We hear the theme music building steadily -- a Strauss waltz hummed by a lone green heron perched on a rock overlooking the river. Faint sounds of pumping steam engines and gnawing saws can heard in the distance. Then, suddenly, there are loud clanging noises, earth-shaking thuds, and steam whistles, and a monolith rises out of the water midstream. As the scene fades to black, a steam calliope plays a jaunty rendition of The Robert E. Lee.
The cause of the destruction was a sudden, massive infestation of human beings. The infestation was local, but it came on the heels of successive infestations that are responsible for the loss of more than two-thirds of the old forests on the planet.
From the diary of an eyewitness comes the following:
As the forest became more heavily infested with these insidious parasites, the more pathological individuals (natural born thieves) began to appear in greater and greater abundance, and ultimately they burdened the whole of the structure to the point that it broke down; the forest was no more. It reminded me exceedingly of the infestations of racketeers, who, with the utter contempt for others and indifference to the consequences for themselves, invade our cities to devour entire households, neighborhoods, districts, and communities.
It is a fact that human beings enjoy the widest world distribution of any parasite, both geographically and in respect to the types of environment which they can exploit, and their conquests both of territory and of other animals and plants, not to mention members of their own species, are the most complete and successful. They have no equal.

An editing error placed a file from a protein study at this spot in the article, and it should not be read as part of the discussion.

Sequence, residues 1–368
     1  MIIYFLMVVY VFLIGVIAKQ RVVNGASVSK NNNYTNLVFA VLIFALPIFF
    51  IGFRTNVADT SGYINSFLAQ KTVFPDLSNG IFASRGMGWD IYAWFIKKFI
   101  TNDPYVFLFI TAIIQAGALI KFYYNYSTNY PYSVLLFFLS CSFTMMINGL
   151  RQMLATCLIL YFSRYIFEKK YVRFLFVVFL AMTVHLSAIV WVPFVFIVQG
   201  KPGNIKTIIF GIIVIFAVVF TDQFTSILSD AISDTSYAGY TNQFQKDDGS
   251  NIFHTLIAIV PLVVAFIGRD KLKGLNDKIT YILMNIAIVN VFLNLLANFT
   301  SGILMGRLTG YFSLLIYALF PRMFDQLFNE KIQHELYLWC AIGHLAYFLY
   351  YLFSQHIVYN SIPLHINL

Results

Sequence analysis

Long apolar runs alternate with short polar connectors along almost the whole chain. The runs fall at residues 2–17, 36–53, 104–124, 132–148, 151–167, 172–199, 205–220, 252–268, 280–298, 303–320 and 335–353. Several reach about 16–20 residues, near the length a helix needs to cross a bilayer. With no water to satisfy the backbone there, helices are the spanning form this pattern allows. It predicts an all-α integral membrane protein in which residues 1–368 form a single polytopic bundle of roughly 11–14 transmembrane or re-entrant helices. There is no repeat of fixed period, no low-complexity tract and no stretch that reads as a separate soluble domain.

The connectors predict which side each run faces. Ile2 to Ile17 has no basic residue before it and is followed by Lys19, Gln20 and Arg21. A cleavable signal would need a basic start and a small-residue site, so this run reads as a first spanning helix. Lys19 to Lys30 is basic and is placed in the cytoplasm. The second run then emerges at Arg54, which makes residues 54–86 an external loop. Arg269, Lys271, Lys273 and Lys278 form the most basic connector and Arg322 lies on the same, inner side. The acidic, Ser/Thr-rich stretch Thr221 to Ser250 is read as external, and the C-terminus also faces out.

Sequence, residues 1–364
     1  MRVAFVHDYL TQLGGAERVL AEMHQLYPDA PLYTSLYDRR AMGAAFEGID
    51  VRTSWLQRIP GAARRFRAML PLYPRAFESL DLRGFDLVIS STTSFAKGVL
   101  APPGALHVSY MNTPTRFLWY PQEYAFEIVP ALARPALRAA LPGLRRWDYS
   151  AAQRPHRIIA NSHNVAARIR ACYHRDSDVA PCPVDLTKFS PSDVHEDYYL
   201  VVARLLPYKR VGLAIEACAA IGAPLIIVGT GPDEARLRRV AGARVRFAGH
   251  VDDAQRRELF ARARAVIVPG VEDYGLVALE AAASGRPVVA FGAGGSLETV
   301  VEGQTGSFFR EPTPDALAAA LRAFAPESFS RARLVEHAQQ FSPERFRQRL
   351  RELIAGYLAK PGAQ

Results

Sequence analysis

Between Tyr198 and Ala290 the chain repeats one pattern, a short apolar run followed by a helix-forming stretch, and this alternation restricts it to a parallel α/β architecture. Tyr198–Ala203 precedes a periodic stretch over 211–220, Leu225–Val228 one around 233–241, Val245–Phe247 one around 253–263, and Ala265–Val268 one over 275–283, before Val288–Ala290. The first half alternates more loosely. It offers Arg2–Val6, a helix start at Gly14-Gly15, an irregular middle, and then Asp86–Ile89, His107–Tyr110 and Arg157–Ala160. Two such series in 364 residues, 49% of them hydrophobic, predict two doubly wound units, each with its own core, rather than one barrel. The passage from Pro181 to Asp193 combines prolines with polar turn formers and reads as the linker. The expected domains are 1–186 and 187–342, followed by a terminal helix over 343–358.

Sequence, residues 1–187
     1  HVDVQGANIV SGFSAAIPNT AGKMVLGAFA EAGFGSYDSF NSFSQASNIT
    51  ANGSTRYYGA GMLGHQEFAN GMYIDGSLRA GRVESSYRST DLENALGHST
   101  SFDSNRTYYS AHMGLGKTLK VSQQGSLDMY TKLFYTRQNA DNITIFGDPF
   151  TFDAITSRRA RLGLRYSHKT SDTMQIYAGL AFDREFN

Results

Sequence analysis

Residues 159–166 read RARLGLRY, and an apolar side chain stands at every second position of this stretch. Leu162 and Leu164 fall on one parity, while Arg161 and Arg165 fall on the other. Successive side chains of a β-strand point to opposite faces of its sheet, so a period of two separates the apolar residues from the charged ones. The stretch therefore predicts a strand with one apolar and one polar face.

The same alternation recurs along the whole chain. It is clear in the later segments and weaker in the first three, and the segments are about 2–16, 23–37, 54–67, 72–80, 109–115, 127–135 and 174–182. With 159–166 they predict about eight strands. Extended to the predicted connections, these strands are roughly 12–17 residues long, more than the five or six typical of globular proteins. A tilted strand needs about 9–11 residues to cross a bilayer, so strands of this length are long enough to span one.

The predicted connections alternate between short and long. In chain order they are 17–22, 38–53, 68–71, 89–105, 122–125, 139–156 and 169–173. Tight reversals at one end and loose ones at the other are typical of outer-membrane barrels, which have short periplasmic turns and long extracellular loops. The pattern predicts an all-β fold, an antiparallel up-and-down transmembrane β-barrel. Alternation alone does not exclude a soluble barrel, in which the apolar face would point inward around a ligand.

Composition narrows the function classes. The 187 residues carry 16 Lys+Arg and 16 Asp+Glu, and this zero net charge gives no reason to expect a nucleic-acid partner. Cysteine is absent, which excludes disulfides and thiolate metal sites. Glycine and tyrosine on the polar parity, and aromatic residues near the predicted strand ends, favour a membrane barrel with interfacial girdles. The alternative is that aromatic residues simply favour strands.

The diarist continues:
It was an eerie sight; birds and animals of every description fleeing the advancing army. These refugees crowded in on their neighbors in the most unwelcome fashion, invading home and hearth, claiming as their own the food won by others. The less fit perished in the stampede.
Again we hear Strauss -- a waltz played backwards.
The parasitic invaders destroyed the nucleus of their own support system, thereby chaining a succession of cataclysms to the first.
The diarist writes:
It was obscene; the head eating the tail. But none seem to grasp the meaning of their actions, and this went on to the bitter end. We were helpless to intervene.
The history of this place ends here. The diarist ran out of paper. The heron miraculously grew opposable thumbs, then went mad trying to figure out what to do with them. Where thousands of species of plants, animals, and micro-organisms had once shared common ground there were only rotting stumps, wood rats, and deer mice.